NASA's Planetary Science Division (PSD) and space agencies around the world are collaborating on an extensive array of missions exploring our solar system. Planetary science missions are conducted by some of the most sophisticated robots ever built. International collaboration is an essential part of what we do. NASA has always encouraged international participation on our missions both strategic (ie: Mars 2020) and competitive (ie: Discovery and New Frontiers) and other Space Agencies have reciprocated and invited NASA investigators to participate in their missions. NASA PSD has partnerships with virtually every major space agency. For example, NASA has had a long and very fruitful collaboration with ESA. ESA has been involved in the Cassini mission and, currently, NASA funded scientists are involved in the Rosetta mission (3 full instruments, part of another), BepiColombo mission (1 instrument in the Italian Space Agency's instrument suite), and the Jupiter Icy Moon Explorer mission (1 instrument and parts of two others). In concert with ESA's Mars missions NASA has an instrument on the Mars Express mission, the orbit-ground communications package on the Trace Gas Orbiter (launched in March 2016) and part of the DLR/Mars Organic Molecule Analyzer instruments going onboard the ExoMars Rover (to be launched in 2018). NASA's Planetary Science Division has continuously provided its U.S. planetary science community with opportunities to include international participation on NASA missions too. For example, NASA's Discovery and New Frontiers Programs provide U.S. scientists the opportunity to assemble international teams and design exciting, focused planetary science investigations that would deepen the knowledge of our Solar System. The PSD put out an international call for instruments on the Mars 2020 mission. This procurement led to the selection of Spain and Norway scientist leading two instruments and French scientists providing a significant portion of another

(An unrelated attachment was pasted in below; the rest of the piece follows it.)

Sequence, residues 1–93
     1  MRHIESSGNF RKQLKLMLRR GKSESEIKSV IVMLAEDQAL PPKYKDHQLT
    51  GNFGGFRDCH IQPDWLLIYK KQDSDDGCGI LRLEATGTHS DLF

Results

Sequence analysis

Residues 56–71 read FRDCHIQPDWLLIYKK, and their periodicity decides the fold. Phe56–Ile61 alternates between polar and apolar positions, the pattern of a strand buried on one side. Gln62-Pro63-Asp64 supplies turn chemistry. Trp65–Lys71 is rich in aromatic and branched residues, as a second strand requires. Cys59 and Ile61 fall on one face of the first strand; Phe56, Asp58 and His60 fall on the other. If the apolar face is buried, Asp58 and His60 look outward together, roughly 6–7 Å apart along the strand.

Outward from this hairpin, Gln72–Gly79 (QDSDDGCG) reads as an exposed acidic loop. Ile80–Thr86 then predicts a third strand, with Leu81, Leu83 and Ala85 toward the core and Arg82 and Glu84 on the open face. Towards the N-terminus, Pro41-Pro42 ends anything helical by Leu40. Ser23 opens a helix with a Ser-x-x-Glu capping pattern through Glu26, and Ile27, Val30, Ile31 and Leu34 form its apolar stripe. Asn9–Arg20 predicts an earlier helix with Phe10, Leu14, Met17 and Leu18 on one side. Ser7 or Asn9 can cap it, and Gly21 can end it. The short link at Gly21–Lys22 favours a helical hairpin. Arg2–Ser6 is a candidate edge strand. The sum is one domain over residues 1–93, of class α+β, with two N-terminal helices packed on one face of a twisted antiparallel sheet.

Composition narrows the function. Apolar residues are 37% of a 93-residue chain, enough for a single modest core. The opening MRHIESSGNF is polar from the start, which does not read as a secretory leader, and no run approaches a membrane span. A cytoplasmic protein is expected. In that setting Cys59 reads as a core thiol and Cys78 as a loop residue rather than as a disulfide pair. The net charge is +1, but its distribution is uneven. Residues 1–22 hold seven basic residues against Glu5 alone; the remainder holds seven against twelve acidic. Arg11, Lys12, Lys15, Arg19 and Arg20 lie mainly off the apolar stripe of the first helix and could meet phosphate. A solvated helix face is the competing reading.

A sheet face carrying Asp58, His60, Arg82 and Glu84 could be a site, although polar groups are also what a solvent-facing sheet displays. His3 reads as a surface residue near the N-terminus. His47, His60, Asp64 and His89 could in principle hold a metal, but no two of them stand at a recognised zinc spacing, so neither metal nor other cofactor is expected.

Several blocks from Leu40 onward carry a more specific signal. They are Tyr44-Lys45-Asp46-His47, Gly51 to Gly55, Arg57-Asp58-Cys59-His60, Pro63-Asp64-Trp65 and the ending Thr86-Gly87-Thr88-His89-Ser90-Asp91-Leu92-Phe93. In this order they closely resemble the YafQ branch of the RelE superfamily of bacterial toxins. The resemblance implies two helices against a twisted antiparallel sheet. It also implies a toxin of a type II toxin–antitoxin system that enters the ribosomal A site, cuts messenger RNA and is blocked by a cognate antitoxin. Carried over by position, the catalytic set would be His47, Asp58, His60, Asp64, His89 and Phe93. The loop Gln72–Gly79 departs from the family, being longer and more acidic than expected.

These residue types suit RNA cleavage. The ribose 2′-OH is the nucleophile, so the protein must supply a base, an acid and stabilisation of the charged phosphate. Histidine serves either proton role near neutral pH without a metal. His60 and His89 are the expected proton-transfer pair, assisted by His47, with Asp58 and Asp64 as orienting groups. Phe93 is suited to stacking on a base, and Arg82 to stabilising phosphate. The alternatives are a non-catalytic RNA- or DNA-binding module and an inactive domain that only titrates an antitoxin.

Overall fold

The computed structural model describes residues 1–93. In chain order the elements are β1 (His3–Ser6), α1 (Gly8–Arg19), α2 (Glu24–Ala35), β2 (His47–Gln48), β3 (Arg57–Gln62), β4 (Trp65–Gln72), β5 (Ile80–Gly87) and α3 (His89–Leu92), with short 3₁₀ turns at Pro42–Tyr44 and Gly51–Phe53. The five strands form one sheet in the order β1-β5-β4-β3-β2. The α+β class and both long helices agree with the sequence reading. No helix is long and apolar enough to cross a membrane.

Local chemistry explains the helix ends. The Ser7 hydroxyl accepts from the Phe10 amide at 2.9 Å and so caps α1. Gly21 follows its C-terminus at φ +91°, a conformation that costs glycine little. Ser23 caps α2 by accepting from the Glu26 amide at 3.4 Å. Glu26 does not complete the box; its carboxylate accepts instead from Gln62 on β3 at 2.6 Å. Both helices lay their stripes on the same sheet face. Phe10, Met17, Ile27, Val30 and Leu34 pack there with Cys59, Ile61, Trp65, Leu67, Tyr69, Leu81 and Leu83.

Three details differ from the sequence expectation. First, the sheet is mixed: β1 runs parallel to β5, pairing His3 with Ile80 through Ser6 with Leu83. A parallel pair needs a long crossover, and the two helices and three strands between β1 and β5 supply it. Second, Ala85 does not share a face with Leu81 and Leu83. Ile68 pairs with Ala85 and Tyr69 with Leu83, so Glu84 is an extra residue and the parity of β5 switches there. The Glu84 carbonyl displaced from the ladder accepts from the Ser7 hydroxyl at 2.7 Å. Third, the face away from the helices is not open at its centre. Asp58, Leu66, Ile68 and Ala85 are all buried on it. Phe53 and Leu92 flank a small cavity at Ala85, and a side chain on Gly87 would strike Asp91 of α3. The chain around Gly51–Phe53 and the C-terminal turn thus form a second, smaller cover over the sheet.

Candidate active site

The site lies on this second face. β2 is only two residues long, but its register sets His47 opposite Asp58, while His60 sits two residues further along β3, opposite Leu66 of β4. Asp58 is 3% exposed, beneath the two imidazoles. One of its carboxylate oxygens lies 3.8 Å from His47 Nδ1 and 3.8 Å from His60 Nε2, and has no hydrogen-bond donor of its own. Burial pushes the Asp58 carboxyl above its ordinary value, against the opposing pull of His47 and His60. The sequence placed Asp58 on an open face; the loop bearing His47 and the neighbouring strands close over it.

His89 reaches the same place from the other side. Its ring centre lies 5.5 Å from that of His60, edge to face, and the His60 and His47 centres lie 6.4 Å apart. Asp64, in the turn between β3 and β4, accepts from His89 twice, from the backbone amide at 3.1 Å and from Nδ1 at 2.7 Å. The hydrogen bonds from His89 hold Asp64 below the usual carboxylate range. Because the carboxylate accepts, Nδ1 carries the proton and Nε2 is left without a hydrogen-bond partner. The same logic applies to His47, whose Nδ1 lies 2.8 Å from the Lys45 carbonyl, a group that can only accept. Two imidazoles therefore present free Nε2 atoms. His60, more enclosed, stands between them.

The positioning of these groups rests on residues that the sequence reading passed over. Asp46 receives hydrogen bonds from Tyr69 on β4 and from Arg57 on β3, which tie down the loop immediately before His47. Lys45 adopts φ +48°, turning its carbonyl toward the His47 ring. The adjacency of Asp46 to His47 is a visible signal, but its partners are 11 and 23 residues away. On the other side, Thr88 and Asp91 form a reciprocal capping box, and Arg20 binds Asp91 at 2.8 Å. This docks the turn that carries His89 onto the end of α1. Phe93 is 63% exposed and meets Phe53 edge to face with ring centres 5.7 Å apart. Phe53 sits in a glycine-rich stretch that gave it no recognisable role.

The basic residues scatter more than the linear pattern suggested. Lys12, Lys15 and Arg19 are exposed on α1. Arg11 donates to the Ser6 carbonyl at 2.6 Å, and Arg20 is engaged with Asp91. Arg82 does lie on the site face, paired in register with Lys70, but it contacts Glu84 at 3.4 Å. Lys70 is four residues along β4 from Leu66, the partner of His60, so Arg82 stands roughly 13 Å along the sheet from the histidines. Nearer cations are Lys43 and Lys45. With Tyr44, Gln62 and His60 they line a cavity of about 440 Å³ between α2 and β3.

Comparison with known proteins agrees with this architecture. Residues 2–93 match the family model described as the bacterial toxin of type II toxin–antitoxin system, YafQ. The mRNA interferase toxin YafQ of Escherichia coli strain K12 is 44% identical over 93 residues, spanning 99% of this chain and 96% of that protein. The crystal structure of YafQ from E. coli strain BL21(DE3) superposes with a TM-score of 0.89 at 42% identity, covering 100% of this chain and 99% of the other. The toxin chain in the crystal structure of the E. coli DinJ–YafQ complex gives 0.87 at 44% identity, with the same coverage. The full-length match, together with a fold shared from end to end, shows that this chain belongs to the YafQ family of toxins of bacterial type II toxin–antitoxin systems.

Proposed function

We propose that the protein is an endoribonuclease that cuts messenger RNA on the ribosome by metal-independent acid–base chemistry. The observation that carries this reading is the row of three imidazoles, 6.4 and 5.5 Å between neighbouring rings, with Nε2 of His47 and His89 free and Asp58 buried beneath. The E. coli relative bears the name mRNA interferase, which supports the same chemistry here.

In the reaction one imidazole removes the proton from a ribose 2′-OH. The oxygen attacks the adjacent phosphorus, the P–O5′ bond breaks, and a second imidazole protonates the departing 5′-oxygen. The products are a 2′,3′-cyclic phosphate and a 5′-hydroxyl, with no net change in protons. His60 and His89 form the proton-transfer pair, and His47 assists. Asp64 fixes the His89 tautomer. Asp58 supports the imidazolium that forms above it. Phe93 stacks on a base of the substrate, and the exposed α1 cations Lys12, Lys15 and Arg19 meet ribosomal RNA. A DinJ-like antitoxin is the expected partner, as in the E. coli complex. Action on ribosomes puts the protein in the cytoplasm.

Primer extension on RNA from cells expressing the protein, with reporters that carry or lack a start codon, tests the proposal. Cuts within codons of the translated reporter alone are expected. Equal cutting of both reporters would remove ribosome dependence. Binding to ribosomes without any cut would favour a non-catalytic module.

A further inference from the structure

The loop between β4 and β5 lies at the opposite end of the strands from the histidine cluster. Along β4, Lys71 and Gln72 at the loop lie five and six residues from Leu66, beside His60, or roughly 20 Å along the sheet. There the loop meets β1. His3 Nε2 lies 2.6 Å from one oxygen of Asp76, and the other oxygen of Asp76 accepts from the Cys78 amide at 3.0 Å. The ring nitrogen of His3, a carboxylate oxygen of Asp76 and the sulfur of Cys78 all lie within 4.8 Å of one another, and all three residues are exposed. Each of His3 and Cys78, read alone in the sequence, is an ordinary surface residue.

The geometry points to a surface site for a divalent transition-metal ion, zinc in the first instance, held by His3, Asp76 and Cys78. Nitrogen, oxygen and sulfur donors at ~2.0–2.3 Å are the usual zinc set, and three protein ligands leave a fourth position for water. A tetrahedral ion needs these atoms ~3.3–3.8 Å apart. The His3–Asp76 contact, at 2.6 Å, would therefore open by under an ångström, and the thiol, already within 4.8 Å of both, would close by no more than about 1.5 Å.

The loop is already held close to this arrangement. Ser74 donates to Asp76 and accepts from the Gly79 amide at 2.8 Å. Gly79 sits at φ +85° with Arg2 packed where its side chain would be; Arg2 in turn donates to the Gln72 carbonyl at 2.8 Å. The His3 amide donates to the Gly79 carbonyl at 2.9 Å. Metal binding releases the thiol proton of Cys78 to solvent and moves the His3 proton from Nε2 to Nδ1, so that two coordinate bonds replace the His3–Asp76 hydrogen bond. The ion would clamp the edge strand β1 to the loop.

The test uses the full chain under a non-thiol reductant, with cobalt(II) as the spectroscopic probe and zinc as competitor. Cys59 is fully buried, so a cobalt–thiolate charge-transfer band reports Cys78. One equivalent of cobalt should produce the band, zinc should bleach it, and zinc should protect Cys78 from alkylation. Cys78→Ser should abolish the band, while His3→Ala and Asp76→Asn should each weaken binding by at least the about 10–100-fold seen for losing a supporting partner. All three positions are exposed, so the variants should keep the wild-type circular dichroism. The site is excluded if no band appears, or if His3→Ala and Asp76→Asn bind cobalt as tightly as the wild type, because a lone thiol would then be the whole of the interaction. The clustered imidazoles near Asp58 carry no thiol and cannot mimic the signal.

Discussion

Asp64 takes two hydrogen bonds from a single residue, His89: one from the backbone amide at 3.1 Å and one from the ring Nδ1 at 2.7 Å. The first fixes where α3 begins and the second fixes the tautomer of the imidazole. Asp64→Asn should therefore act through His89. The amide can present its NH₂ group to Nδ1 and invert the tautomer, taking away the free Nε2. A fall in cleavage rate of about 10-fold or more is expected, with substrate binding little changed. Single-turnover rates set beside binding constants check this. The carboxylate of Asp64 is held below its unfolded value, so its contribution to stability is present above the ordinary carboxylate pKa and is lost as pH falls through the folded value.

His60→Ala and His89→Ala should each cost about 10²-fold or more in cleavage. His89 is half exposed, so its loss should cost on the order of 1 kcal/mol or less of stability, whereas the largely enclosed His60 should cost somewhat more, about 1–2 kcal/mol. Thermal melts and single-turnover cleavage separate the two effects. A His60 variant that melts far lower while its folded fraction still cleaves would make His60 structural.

For over the last 15 years, NASA's Earth Science Enterprise (ESE) has devoted a tremendous effort to design and build the Earth Observing System (EOS) Data and Information System (EOSDIS) to acquire, process, archive and distribute the data of the EOS series of satellites and other ESE missions and field programs. The development of EOSDIS began with an early prototype to support NASA data from heritage missions and progressed through a formal development process to today's system that supports the data from multiple missions including Landsat 7, Terra, Aqua, SORCE and ICESat. The system is deployed at multiple Distributed Active Archive Centers (DAACs) and its current holdings are approximately 4.5 petabytes. The current set of unique users requesting EOS data and information products exceeds 2 million. While EOSDIS has been the centerpiece of NASA's Earth Science Data Systems, other initiatives have augmented the services of EOSDIS and have impacted its evolution and the future directions of data systems within the ESE. ESDIS had an active prototyping effort and has continued to be involved in the activities of the Earth Science Technology Office (ESTO). In response to concerns from the science community that EOSDIS was too large and monolithic, the ESE initiated the Earth Science Information Partners (ESP) Federation Experiment that funded a series of projects to develop specialized products and services to support Earth science research and applications. Last year, the enterprise made 41 awards to successful proposals to the Research, Education and Applications Solutions Network (REASON) Cooperative Agreement Notice to continue and extend the ESP activity. The ESE has also sponsored a formulation activity called the Strategy for the Evolution of ESE Data Systems (SEEDS) to develop approaches and decision support processes for the management of the collection of data system and service providers of the enterprise. Throughout the development of its earth science
Serafin, R. J.; Szejwach, G.; Phillips, B. B.